Ngoc Anh – Ngoc Anh Online

A Visualgui.com reader asked me if I’ve heard of Ngoc Anh and if I have to recommend one of her albums, which one would it be? I told him Ngoc Anh was a member of 3A group, and she has a strange scratch, which I adore, in her voice; however, I could not recommend any of her albums because I have not listen to any of them. So this is an opportunity to give Ngoc Anh a try. After a few minutes visiting her site and looking at her records, Ngoc Anh Online jumps right at me. It’s her latest album. The title is cheesy but catchy, and I like it because “online” refers to the web. What can I say? I like anything that has to do with the web.

Ngoc Anh caught my attention when she sang “Anh Da Khac Xua” (You’ve Changed) on Do Bao’s Canh Cung (Bow’s Wing), which featured various artists including Tran Thu Ha, Khanh Linh, and Ho Quynh Huong. Unlike these female musicians who gave Do Bao’s romantic compositions soft and sweet sounds, Ngoc Anh brought the roughness and bitterness into his work with her raspy voice. “Anh Da Khac Xua” is also featured on this album along with Do Bao’s “Bai Hat Cho Em” (A Song For You). “Anh Da Khac Xua” fits Ngoc Anh like a pair of tight jeans because the song requires deep emotions and she has it in her vocals; however, the sugary and chocolaty “Bai Hat Cho Em” fits songbird Khanh Linh better. Ngoc Anh’s style is superior on the hard-rock rendition of Ngoc Dai and Ngoc Oanh’s “Canh Dieu” (Kite’s Wing) and the trance-remixed version of Kim Ngoc’s “Chi La Giac Mo” (Only a Dream).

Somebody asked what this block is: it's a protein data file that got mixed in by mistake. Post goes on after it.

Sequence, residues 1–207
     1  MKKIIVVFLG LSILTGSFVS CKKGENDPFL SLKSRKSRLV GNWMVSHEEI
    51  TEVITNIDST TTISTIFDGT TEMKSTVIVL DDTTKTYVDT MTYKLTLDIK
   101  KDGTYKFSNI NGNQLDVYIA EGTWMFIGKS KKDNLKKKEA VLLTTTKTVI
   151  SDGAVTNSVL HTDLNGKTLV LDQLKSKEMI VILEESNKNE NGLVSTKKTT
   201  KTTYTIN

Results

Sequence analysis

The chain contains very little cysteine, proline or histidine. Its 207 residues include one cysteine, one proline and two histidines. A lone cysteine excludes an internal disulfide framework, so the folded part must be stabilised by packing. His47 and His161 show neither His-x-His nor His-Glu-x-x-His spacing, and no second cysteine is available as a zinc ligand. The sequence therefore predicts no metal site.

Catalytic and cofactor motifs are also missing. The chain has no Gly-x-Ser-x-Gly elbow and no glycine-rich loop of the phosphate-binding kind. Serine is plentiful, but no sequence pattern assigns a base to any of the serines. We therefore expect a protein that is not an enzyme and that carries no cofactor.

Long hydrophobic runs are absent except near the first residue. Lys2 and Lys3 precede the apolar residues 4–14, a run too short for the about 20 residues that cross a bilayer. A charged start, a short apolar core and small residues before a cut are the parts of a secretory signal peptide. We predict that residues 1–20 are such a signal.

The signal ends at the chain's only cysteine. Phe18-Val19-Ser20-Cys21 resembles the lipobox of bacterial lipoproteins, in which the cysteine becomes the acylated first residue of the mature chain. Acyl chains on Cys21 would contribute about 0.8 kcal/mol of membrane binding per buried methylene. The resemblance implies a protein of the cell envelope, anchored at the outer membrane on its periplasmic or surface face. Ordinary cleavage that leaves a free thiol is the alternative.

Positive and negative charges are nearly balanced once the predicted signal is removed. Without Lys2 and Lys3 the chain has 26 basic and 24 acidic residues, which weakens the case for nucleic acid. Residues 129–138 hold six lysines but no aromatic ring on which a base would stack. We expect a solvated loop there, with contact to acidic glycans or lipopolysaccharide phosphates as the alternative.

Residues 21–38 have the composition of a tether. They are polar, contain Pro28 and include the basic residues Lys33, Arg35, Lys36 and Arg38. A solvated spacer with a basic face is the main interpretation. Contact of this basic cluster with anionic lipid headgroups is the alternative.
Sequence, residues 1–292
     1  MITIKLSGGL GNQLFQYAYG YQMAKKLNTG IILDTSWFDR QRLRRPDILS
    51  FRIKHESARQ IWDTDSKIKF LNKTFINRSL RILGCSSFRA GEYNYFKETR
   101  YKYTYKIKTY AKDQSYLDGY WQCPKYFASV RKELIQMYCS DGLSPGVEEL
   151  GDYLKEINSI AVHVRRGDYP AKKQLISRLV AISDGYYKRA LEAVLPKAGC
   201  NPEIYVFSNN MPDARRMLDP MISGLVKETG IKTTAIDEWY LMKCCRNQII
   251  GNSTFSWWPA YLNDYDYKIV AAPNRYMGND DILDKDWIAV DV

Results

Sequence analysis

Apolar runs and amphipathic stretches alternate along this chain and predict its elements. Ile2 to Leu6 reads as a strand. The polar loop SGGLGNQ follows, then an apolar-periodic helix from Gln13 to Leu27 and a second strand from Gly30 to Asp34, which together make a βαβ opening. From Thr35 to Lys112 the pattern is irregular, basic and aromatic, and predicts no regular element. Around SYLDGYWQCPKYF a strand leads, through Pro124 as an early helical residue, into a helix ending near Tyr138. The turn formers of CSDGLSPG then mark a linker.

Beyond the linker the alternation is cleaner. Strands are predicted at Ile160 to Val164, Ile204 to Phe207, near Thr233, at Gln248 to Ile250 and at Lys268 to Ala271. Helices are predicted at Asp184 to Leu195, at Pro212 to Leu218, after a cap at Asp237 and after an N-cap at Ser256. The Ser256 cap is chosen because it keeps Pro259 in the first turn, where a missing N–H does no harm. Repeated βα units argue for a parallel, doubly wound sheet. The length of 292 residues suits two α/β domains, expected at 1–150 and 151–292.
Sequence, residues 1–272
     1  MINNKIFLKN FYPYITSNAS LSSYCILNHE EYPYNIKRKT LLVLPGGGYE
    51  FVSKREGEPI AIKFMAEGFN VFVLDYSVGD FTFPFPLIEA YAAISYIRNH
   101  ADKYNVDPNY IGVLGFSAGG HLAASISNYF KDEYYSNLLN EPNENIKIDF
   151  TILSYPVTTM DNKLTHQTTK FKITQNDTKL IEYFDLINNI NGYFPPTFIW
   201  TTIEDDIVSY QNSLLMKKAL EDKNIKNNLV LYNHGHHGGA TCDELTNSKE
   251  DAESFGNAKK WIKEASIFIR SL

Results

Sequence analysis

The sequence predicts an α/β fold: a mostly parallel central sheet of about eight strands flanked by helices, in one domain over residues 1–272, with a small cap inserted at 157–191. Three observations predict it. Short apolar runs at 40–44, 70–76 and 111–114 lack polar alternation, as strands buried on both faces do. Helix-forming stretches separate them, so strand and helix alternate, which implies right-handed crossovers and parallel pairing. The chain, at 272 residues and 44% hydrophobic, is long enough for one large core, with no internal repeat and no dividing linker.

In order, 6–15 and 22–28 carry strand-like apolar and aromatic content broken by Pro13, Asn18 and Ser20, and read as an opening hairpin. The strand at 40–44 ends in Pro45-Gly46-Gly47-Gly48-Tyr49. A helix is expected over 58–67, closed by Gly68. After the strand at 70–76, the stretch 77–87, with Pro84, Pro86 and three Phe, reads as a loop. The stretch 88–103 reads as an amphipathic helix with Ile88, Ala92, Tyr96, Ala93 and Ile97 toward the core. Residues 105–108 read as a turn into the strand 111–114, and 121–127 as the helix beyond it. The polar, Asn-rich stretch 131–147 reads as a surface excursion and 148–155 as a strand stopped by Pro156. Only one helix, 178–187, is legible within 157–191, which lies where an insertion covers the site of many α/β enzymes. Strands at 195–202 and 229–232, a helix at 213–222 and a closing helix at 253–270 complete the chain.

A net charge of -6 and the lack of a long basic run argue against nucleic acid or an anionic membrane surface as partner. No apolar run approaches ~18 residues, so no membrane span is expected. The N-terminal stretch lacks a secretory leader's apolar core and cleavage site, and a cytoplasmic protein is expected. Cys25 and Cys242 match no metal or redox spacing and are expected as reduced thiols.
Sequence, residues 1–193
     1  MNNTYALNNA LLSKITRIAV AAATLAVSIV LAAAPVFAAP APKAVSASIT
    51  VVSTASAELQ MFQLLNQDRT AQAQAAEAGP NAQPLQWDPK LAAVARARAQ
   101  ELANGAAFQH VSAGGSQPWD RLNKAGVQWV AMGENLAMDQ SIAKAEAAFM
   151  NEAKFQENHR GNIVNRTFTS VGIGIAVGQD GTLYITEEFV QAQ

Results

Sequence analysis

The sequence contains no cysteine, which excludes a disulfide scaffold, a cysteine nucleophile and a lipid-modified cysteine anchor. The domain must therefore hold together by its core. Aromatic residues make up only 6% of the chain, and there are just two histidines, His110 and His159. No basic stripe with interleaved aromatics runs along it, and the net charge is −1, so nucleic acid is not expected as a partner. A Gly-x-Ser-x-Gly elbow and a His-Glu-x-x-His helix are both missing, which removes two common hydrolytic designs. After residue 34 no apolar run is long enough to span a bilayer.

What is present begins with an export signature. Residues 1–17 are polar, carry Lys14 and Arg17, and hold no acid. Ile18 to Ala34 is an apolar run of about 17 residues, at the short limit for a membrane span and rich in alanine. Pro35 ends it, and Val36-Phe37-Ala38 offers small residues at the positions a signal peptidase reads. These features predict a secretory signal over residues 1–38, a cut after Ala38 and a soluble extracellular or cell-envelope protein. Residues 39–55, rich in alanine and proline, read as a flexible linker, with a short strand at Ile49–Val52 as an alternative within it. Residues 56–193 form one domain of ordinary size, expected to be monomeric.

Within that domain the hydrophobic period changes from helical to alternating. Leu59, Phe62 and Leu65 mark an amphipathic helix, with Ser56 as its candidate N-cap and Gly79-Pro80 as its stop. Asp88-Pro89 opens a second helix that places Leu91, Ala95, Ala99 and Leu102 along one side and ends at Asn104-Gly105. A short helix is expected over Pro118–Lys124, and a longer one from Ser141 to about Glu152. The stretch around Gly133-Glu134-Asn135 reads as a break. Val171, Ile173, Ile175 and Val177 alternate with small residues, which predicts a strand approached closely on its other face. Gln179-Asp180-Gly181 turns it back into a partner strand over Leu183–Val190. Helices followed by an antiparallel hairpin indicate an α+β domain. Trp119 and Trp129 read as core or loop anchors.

Lately, Duc Huy’s songs are being covered by a number of young singers in Viet Nam such as Dam Vinh Hung, Thu Minh, and Hien Thuc. Unfortunately, only Thu Minh can revived Duc Huy’s “Va Con Tim Da Vui Tro Lai” (And The Heart is Happy Once Again) with a bit of freshness. Other singers in Viet Nam, including Ngoc Anh, are still not able to match those in the States. Ngoc Anh’s rendition of “Nhu Da Dau Yeu” (Like We Have Loved) lacks the crispness and soulfulness that Ngoc Lan and Don Ho had brought to the work. Both Ngoc Anh and Hien Thuc could not express “Dung Xa Em Dem Nay” (Don’t Leave Me Tonight) as lithe and sultry as Duc Huy’s wife, Thao My. Since Duc Huy’s compositions were born in the States, they should stay in the States.

Online may not be a strong album for song selections, but Ngoc Anh’s gravel voice is always a pleasure to listen to, and the polished productions from Do Bao, Thanh Phuong, and Huy Tuan help too. She turns Phu Quang and Thai Thang Long’s “Muon” (Late) into a hot club joint, and delivers a heart-wrenching, soul-stirring emotion on Phu Quang and Nguyen Trong Tao’s “Mot Dai Kho, Mot Toi” (One Foolish, One Me). I am feeling her gravel timbre: crack on the surface but smooth underneath.

Music